| Helen Sharp
Case study: Open Works – Building a participatory platform
Open Works – A pilot project by Participatory City in collaboration with Lambeth Council
Some of the initiatives that particularly interest me are those which encourage a participatory culture. This approach appears to achieve a greater depth of inclusion across a community. It attracts many different types of people, reaching further than more traditional community programmes which often focus on active citizenship and engage those who have the time and inclination to give something back.
Participation can embrace all those simple and intangible interactions which build a strong community, sharing tools, chatting at the school gate, helping someone across the road – the sort of activity that anyone can do, even if their capacity is limited.
Participatory City is an organisation which is bringing this idea to life and one of their first pilot projects, Open Works, was tested a couple of years ago in West Norwood, in collaboration with Lambeth Council. It started with a shopfront on the high street, which acted as an ideas station where citizens could walk in and share ideas and passions, spaces and resources, creating a library of assets and potential connections.
“It’s far more empowering. You are not just giving your opinion which could be drowned in a pile of paper and never acted on. It is you going out there with your ideas and your hands and making change happen.” – Participant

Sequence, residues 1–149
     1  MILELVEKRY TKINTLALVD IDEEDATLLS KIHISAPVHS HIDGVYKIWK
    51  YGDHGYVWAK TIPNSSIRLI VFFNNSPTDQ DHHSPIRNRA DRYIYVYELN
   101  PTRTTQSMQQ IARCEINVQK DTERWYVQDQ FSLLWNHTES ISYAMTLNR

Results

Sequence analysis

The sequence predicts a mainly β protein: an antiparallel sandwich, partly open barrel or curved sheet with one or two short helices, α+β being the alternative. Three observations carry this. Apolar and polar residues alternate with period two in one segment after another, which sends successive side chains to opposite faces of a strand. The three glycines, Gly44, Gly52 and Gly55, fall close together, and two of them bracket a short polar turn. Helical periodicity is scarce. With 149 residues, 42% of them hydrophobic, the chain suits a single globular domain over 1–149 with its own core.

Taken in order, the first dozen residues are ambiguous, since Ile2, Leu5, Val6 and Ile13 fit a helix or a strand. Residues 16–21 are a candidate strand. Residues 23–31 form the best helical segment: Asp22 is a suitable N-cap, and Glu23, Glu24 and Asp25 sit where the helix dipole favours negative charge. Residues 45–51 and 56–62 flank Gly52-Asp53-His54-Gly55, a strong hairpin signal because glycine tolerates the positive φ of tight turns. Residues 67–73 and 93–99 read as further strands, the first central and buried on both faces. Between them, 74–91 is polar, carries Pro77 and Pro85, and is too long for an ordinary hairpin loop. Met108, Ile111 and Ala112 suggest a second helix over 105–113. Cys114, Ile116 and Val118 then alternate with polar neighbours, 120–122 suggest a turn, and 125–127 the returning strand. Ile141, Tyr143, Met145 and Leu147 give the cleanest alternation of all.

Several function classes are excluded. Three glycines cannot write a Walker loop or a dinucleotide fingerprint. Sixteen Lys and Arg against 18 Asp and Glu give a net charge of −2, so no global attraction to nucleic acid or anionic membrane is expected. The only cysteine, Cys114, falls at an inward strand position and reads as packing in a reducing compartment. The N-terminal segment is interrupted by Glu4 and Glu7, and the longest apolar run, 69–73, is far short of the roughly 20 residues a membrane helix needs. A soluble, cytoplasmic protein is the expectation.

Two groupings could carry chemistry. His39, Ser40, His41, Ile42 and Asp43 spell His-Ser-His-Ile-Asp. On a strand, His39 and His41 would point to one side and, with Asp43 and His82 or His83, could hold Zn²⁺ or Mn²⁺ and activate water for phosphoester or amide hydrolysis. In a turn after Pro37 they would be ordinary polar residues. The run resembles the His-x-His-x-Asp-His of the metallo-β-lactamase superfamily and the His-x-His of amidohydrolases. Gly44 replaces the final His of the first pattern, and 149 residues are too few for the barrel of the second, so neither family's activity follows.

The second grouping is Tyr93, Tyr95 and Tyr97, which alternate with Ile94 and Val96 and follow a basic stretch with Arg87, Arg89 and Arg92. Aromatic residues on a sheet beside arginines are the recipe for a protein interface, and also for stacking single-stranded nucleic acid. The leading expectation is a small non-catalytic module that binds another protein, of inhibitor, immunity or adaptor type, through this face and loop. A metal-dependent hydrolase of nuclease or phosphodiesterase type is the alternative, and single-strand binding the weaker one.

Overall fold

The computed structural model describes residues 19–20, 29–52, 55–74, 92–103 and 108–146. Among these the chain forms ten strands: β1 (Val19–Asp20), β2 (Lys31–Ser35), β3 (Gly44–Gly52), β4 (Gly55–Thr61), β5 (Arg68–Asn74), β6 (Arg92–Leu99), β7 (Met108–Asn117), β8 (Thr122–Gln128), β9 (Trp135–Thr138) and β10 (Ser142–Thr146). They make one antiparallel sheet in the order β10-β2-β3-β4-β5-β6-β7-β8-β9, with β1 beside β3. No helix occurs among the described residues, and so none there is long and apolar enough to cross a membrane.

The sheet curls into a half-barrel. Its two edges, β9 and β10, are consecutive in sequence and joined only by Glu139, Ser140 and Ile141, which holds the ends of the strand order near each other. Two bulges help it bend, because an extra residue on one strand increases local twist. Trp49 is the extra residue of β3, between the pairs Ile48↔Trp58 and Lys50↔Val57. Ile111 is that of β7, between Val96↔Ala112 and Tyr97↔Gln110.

Open Works mobilised and united over 1000 residents across a range of activities which were intrinsically appealing to others, whilst keeping legislation and other barriers to a minimum. As a result 20 new community-led initiatives were prototyped including a trade school, open orchard, batch cooking club and a library of things.
One reason this project stands out for me is their creative use of space in the neighbourhood. These initiatives don’t need meeting rooms or event spaces; instead they require more functional spaces like kitchens, gardens or workshops and if this kind of participation is to become the norm, the current way of thinking about space needs to be challenged. In West Norwood, citizens were enabled to think beyond the usual hired community spaces and untapped resource was identified including wasteland in front of the bus station, schools and kitchens.
You can read more about the theory, implementation and evaluation of the platform here.
Following the success of Open Works, it seems that there is sufficient evidence to upscale the platform and create a participatory culture across a much larger area and this is something that Participatory City are currently working on. Watch this space, as we hope to interview one of the founders, Tessy Britton and hear more about her plans.